His wife, Queen Anne, did not help him out of his difficulties; she was too fond of pleasure, and extravagant. And a great deal of money was wasted in riotous living at the court; even the ladies forgot the temperance of their sex, and joined in the nightly revels. There was very little in the manners or appearance of the king which could excite respect. His tongue was too large for his mouth, so that he did not speak plainly; he was very awkward, and so timorous that the sight of a drawn sword made him tremble, and he caused all his clothes to be stuffed and lined with wadding lest he should be stabbed.

He liked to mix the most unseemly jests even with his gravest conversation, nicknamed himself and his courtiers, and allowed his favourite, George Villiers,

to call him "dear sow," "dad," and "gossip." He was very learned, and was fond of showing his learning by mingling scraps of Latin and Greek with his talk. With all this, some sparkles of sense and spirit shone out occasionally, but he provoked the English by boasting of his own wisdom, and deriding Queen Elizabeth, as if he were a greater sovereign than she had been.

The king's eldest son, Prince Henry, was quite unlike his father. The people loved him dearly; he was a youth of the highest spirit, very clever, longing to take part in some noble enterprise, and especially interested in all that related to ships and sea affairs.

In the midst of the vices of the court, he led an exemplary life, and the people looked forward to the days when he would sit in his father's throne, and hoped that he would be all that an English king should be. But these bright hopes were blighted; Prince Henry died in 1612, at the age of eighteen. He had one brother, a sickly little boy named Charles. The king feared that Charles would not live to grow up; he made him his pet child, and called him always Baby Charles." Even when Charles grew up strong and tall, and became a grave stately man, the foolish king always called him "Baby."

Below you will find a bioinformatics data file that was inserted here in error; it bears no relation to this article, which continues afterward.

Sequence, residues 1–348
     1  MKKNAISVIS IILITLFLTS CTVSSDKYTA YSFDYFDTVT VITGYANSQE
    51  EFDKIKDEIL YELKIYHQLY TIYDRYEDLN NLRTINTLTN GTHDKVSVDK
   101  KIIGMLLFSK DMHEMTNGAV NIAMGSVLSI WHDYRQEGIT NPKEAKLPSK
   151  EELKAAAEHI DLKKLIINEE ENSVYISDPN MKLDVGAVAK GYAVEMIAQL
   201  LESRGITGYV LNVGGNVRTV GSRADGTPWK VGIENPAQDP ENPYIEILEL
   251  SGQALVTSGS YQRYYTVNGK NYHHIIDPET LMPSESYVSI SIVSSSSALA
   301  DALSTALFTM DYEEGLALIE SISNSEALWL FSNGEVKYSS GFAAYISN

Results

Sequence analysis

King James had also a daughter, Elizabeth, who married the German prince Frederic, Count Palatine. His territory, which was called the Palatinate, lay near the Rhine, having Heidelberg for its capital city. The marriage pleased the English, because Frederic was a Protestant prince, and they had been afraid that James would marry all his children to Roman Catholics. But it was not a very fortunate



marriage. Elizabeth was remarkably beautiful and clever, but not very prudent; and at the end of a few years she persuaded her husband to accept the kingdom of Bohemia. Bohemia was governed by the Emperor of Germany: it was inhabited partly by Protestants and partly by Roman Catholics, and the Protestants, who thought themselves ill-used, resolved to have a Protestant king. They offered their crown to Count Frederic, who was unwise enough to accept it, without taking any effectual steps to maintain himself in the kingdom. The emperor soon drove him out of Bohemia, and then took from him his own country of the Palatinate; and the unfortunate Frederic and Elizabeth were obliged to fly to Holland, where they lived upon the bounty of their friends. They had a great many sons and daughters; some of them will be mentioned in the course of this history, and especially Prince Rupert.

The people of England wished very much to go to war with the emperor, but King James could not be persuaded to draw the sword, even to restore his daughter and her husband to their own territory. He was afraid that he might displease the King of Spain, who was in alliance with the emperor, and he would not offend the Spaniards, because he wished to marry his son Charles to a Spanish princess. The thought of this marriage was hateful to the English nation; they feared that a Roman Catholic wife would incline Charles himself to become a papist, and of all the Roman Catholic powers they had the greatest dislike of Spain. But James, though a Protestant at heart, was proud to ally himself with so great and powerful a kingdom as Spain.

« ПредыдущаяПродолжить »